On Thursday 27 July the Christchurch City Council is considering the introduction of the Living Wage for Council employees. There is no doubt that the concept of the Living Wage is well intentioned. We all want everyone to be rewarded with higher wages as the economy improves. However, there is considerable controversy over the sustainability of the Living Wage concept and whether or not it can achieve its objectives.
New Zealand’s current Living Wage campaign dates from 2013, based on a calculation by social researchers of the costs of a basic healthy lifestyle for a family of two parents and two children (one aged ten and one aged four), one parent working full time and the other part time. The living family rate was calculated in 2013 at $18.40 per hour and in 2017 sits at $20.20 per hour. Living Wages are calculated on the basis of a notional employee’s domestic circumstances rather than the value of their work (skills and productivity). Many of the potential recipients of the Living Wage will not meet this criteria.
However, if the work done by employees doesn’t generate sufficient value to pay their wages, something has to give. There is abundant literature arguing that lifting minimum wages without supporting increases in productivity may actually increase poverty and unemployment in the medium and long term. This can be readily accessed online through a simple google search (search: “minimum wages increase poverty”). A central premise is that just increasing the minimum wage increases competition for that work. The losers in that competition are usually the uneducated, unskilled and inexperienced i.e. those often already on the edge of poverty.
No matter how an enterprise chooses to label its approach, the approach it takes to wages should be an economically rational and sustainable one. It is therefore vitally important that enterprises, especially those that are spending ratepayers and taxpayers money, looking to increase wages to “Living Wage” levels do so in full knowledge of the potential consequences.
This in part is why a majority of existing Living Wage employers are in community groups and taxpayer funded public and local government sectors where their existence is not immediately threatened by the need to be profitable.
Currently accredited “Living Wage employers” are made up almost exclusively of churches, community groups, unions, left wing political parties and a very small number of small and mainly “green” businesses (e.g. organic foods). None of the local authorities that have taken up the Living Wage brand are accredited Living Wage employers.
Our City Council is generally regarded as paying its employees well. It is hard to understand why employees of the Council alone should all be entitled to the Living Wage when other organisations owned by the Council will not be. This indicates an ideologically driven positioning funded eventually by the rate payers of the city. It also sends a strong signal that this could be the beginning of a trend towards adopting an arbitrary Living Wage figure across all entities associated with Council, as is happening elsewhere in New Zealand. When looking at the big picture, one could be excused for suspecting that the Living Wage campaign is simply about raising the minimum wage through the backdoor. That would be very damaging for first time employees and the New Zealand economy.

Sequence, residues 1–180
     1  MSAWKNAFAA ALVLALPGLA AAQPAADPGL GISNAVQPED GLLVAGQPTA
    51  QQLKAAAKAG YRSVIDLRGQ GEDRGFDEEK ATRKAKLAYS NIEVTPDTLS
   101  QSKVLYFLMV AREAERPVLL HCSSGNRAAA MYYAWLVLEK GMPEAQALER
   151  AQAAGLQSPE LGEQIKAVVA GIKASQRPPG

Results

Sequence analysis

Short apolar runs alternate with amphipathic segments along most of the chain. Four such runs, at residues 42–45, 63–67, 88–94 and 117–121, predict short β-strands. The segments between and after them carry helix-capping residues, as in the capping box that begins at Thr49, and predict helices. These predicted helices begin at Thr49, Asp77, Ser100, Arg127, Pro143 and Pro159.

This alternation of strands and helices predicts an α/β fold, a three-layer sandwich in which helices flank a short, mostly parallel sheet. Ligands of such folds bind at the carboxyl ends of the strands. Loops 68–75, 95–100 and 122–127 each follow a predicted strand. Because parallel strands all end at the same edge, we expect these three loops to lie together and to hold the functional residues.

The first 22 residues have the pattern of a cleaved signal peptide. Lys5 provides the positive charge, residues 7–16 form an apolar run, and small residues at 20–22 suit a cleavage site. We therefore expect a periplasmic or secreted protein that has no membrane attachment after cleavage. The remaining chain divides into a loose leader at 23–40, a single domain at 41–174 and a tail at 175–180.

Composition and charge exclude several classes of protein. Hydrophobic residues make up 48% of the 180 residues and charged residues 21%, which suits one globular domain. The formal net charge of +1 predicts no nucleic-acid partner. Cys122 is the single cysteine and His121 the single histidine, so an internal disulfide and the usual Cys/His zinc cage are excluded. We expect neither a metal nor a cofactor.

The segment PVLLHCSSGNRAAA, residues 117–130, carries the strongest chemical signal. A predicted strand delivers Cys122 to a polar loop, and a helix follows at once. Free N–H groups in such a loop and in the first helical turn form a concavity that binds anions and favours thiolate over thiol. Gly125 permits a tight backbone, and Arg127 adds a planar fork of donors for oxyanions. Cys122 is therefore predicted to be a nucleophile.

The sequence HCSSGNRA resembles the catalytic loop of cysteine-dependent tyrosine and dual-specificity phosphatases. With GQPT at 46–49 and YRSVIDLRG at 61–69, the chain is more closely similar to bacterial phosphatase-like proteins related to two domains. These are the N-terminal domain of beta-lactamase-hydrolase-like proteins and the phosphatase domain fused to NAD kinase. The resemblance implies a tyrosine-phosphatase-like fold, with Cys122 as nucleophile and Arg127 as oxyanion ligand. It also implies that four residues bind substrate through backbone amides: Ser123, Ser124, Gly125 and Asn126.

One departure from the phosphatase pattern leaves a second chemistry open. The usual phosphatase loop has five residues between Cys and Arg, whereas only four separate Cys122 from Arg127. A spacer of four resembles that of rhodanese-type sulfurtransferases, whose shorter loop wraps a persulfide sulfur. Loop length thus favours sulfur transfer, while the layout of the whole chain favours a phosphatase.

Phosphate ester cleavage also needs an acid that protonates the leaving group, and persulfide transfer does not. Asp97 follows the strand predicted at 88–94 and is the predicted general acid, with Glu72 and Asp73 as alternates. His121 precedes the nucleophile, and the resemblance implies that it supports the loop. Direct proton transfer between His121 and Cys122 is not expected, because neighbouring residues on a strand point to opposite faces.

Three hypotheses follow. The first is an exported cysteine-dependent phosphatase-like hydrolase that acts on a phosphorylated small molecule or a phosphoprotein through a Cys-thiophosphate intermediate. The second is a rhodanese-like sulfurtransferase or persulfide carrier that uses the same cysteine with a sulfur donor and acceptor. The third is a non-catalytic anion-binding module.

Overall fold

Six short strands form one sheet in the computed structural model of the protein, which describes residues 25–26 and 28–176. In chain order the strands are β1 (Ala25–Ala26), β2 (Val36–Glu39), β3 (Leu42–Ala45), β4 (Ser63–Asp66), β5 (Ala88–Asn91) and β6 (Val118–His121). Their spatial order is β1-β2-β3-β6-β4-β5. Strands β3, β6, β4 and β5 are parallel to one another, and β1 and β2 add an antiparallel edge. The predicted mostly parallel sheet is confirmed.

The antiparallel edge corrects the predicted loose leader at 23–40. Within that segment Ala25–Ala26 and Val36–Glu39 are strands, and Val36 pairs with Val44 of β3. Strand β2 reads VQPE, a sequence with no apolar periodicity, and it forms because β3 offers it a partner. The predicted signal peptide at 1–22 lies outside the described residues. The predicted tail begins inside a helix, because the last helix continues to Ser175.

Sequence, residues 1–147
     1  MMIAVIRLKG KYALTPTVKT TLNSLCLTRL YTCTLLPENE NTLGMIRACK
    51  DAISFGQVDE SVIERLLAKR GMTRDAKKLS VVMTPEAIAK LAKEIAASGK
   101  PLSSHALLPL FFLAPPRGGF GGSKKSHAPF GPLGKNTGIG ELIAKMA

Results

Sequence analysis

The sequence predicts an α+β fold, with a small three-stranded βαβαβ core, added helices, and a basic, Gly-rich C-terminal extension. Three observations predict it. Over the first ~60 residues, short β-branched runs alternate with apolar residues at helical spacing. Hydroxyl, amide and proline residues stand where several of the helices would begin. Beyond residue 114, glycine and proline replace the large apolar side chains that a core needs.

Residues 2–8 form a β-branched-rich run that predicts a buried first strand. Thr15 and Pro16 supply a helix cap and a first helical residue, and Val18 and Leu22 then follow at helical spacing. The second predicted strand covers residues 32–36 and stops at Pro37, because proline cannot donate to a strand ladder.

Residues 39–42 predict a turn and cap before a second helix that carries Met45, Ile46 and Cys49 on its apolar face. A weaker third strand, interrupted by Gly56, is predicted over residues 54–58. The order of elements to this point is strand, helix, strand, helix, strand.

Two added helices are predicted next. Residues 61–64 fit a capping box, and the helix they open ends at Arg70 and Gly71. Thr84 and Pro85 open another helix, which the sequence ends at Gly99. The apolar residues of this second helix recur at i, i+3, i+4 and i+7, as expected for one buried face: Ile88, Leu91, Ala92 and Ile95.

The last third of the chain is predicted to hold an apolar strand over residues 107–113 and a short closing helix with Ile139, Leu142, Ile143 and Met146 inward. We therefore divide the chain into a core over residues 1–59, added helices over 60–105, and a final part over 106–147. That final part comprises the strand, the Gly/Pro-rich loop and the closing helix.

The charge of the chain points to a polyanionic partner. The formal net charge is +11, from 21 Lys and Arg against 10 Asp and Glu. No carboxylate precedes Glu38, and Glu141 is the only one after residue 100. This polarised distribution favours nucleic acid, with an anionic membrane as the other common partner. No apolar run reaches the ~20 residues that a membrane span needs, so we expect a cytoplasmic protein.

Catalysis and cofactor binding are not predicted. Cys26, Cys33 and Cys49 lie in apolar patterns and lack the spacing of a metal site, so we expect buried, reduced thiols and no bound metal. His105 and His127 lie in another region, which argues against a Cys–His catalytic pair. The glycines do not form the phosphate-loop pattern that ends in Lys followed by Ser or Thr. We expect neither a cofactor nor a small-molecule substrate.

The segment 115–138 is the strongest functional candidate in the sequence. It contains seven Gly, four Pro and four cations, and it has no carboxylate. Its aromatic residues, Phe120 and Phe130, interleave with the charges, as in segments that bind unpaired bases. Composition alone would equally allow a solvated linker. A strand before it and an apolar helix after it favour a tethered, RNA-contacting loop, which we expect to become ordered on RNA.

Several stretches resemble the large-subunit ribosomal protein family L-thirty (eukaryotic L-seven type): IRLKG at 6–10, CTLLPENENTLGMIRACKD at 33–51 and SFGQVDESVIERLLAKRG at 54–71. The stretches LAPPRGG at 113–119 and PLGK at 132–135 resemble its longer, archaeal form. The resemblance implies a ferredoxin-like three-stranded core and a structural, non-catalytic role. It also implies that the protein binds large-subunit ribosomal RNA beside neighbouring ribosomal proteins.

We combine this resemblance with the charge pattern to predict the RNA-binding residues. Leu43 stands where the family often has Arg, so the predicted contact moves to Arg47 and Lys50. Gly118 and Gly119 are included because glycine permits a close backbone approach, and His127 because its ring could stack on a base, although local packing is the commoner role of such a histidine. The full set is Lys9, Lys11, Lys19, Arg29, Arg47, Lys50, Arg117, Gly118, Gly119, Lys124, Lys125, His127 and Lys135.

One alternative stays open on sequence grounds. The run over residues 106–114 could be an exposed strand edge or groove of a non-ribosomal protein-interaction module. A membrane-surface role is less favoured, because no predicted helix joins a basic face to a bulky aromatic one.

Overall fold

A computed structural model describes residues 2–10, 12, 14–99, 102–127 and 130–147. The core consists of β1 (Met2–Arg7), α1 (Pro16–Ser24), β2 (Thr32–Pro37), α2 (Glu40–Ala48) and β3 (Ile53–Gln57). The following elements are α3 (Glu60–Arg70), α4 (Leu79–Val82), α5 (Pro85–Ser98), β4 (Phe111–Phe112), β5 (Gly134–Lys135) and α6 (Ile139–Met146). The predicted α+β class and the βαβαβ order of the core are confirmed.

It is puzzling as to why the City Council would consider branding its employment remuneration under the “Living Wage” banner when it is perfectly capable of remunerating employees at levels which reflect their value and contribution to the enterprise.
In considering the adoption of the Living Wage the Council needs to be very clear of the additional permanent costs this will involve, the pressure that will come on to entities associated with the Council, and the impact on the wider community.
The very small number of larger private sector employers who have increased wages to “Living Wage” levels have all apparently done so in a staged and structured manner that aligns increases in wage rates to increases in the skills and productivity of employees. Employers in this category in fact are not following the Living Wage model as such, as their structured approach has added value to the workers’ labour, rather than compensated them for their domestic circumstances.
The same could be said for SMEs striving to remain competitive and for whom an obligation to pay unsustainable minimum wages would mean closing down, or shifting into the informal economy.
We can best achieve higher wages and good employment outcomes by growing the Christchurch and Canterbury economy. Lifting everyone’s wages is something we should all be aiming for, but it’s a matter of how we do that and the basis for it. It is not done by a stroke of a pen.
It is important to this city and our region that we are not seen to be followers of those who have not considered the consequences of adopting the Living Wage. Let’s be a leader of those who have.